Children’s prescriptions for antipsychotic medicines have doubled in the last 20 years, study finds
Children’s prescriptions for antipsychotics have doubled in the past 20 years, a study finds.
The drugs, which have a sedative effect, are usually used in adults to treat serious mental illnesses, such as schizophrenia.
NHS watchdog NICE has approved the use of some antipsychotics in young people under the age of 18 with psychosis or severe aggressive behavior due to a conduct disorder.
But researchers found they’re also regularly handed out for an increasingly wide variety of reasons — including autism and ADHD — to kids as young as three.
A team from the University of Manchester’s Center for Women’s Mental Health examined the primary care records of 7.2 million young people aged 3 to 18 registered with GP practices between 2000 and 2019
They describe the trend as “worrying” and add that more research is urgently needed on the safety of these drugs for children.
A team from the University of Manchester’s Center for Women’s Mental Health examined the primary care records of 7.2 million young people aged 3 to 18 who were registered with GP practices between 2000 and 2019.
The overall rate of antipsychotics prescribed was relatively small — 0.06 percent in 2000 and 0.11 percent in 2019 — but is rising every year.
Each age group saw increases, with boys and older children aged 15 to 18 being prescribed antipsychotics, such as risperidone and aripiprazole, more often than girls and younger children.
Nearly every year, twice as many boys as girls were prescribed antipsychotics, with boys more likely to be diagnosed with autism, according to findings published in Lancet Psychiatry.
Children living in underserved areas were more likely to be prescribed an older class of antipsychotic drugs that have been associated with side effects such as movement disorders such as Parkinson’s, they found.
Dr. Matthias Pierce, who co-led the study, said the findings “show a worrying trend in antipsychotic prescribing among children and adolescents.”
He said the increase in prescriptions among children had been steady, suggesting it was not linked to changes in prescribing guidelines.
More information is needed about the potential effects of regular use of these drugs on children and their developing minds, he said.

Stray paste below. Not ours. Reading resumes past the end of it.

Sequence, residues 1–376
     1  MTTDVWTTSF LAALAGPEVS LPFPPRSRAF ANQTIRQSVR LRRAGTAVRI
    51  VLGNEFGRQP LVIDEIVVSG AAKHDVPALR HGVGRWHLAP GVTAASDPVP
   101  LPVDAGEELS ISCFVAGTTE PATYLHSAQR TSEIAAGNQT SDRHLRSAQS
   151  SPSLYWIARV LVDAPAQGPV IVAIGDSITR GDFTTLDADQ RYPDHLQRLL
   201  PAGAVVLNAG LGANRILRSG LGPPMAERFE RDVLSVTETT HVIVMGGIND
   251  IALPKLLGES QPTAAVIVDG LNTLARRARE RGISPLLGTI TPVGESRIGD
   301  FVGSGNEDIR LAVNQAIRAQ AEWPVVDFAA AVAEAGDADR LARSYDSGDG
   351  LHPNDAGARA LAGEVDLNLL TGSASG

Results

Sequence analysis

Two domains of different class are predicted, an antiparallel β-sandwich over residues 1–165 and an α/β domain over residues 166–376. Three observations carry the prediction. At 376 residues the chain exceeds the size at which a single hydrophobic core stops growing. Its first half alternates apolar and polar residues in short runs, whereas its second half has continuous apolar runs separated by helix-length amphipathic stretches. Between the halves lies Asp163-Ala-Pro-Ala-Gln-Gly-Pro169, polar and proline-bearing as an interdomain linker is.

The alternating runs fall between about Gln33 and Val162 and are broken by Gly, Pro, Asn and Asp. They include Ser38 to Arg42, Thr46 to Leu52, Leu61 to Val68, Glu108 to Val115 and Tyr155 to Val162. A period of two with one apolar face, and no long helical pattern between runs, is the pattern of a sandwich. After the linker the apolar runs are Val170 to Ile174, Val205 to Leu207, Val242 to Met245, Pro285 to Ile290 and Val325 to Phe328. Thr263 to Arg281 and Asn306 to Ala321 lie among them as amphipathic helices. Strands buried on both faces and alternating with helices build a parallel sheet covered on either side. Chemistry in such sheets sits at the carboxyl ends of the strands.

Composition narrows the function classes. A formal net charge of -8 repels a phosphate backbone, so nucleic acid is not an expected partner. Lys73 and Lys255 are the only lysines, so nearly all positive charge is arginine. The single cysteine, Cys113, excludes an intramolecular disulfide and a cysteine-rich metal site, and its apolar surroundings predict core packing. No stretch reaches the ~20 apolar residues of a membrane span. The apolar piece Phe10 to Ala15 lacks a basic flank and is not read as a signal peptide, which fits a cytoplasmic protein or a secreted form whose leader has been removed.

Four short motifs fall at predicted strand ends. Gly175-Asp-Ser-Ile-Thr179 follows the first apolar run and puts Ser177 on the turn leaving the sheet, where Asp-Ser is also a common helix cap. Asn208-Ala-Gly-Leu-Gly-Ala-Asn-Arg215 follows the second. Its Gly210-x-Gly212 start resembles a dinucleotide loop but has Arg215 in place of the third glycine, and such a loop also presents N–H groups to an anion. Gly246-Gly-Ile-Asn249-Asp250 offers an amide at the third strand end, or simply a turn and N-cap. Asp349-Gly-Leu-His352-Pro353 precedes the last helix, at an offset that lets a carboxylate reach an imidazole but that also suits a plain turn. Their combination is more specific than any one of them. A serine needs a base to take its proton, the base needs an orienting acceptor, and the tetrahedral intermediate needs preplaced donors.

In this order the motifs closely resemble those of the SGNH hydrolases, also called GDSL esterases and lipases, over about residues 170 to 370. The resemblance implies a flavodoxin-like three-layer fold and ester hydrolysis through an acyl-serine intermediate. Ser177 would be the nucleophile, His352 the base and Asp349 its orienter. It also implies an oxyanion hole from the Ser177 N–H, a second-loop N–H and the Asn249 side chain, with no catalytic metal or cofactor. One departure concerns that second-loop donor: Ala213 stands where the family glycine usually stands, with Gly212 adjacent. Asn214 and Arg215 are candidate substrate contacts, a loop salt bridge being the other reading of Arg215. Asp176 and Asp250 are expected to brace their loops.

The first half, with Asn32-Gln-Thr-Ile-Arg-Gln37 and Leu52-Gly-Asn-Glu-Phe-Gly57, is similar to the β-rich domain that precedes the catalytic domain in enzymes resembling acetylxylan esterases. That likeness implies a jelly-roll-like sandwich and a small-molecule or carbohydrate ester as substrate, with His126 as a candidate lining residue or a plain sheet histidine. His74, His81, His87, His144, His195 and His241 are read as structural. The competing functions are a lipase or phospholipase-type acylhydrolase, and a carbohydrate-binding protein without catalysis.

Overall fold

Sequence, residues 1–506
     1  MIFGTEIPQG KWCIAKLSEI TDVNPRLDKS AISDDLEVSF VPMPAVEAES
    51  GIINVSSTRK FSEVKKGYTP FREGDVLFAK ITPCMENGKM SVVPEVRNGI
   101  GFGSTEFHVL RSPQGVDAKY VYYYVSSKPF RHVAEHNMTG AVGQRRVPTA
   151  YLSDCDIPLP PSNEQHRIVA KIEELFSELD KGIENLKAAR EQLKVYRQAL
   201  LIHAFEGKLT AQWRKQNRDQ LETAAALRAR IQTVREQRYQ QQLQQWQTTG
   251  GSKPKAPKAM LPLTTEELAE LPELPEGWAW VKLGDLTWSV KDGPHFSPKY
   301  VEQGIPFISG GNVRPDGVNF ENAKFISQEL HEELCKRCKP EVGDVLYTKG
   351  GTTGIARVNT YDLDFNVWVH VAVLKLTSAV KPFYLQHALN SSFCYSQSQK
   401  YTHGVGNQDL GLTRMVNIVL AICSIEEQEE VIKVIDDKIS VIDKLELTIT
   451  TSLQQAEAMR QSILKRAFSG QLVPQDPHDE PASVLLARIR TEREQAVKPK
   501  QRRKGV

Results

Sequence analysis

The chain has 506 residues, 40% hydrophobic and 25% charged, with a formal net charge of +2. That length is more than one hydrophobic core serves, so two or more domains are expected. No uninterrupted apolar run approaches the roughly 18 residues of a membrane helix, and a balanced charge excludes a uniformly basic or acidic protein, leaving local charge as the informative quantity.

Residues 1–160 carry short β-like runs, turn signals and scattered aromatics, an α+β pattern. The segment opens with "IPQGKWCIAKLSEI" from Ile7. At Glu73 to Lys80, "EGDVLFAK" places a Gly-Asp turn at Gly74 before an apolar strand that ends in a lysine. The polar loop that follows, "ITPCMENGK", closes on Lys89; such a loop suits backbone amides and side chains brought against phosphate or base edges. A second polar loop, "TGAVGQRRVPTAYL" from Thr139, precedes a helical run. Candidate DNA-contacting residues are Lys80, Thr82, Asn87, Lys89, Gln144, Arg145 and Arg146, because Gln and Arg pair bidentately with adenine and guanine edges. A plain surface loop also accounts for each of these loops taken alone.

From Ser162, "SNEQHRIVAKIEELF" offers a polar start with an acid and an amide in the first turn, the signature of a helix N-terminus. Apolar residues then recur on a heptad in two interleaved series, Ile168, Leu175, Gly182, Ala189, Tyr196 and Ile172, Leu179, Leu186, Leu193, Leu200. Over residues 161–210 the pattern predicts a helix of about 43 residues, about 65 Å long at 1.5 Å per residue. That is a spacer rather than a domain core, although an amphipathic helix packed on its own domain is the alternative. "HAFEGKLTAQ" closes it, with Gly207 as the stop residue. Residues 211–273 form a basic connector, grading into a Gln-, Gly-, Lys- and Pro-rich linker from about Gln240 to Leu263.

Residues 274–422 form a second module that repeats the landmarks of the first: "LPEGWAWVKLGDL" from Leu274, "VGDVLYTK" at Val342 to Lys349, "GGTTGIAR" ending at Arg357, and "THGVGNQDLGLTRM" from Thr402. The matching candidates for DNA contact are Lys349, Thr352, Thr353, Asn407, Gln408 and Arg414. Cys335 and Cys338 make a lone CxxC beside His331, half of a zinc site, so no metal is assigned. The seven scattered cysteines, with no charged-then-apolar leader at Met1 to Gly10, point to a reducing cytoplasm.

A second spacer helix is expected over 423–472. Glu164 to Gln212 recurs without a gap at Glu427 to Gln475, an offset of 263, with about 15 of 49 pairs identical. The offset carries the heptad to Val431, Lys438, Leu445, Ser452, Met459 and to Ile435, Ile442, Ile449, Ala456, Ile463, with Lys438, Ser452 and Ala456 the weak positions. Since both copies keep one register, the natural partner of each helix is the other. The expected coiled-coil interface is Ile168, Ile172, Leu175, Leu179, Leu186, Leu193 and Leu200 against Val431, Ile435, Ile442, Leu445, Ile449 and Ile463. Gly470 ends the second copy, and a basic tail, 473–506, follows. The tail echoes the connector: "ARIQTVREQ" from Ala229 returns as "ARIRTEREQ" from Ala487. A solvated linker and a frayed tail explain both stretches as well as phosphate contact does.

“We don’t think the changes in prescribing are necessarily related to changes in clinical need, but rather reflect changes in prescribing practice by clinicians,” he said.
“We need more information about the conditions for which they are prescribed and what other options may be preferable.
‘Then we need more research into the effects of these drugs, because little has happened so far.’
Professor Emily Simonoff, from the Institute of Psychiatry Psychology & Neuroscience at King’s College London, said the increase would come as no surprise to clinicians.
She said there was “good evidence of their benefits for other conditions such as irritability in autism spectrum disorder” and that they were often part of a broader treatment plan, including psychological or behavioral interventions.
She said: ‘This study was unable to determine whether such recommendations were followed or whether medication alone was used.
‘The authors point to a longer duration of prescription and rightly emphasize the need for high-quality, longer-term studies of efficacy and especially side effects. This should be a research priority.’
The number of young people under the age of 18 with psychological problems has increased sharply in recent years.
NHS Digital figures show that the number of referrals for mental health care on the NHS reached 1,169,515 in 2021-22.
An NHS spokesperson said: “The NHS is treating an increasing number of children and adolescents with mental illness, with around 175,000 more children and young people receiving NHS-funded support than before the pandemic, thanks to initiatives such as school mental health teams to provide immediate support to students.
“For people with learning disabilities or autism, the number of antipsychotics prescribed has fallen every year since 2017 thanks to the NHS England campaign Stopping Over Medication of People with a learning disability or autism. with NICE clinical guidance and alongside other therapies.”
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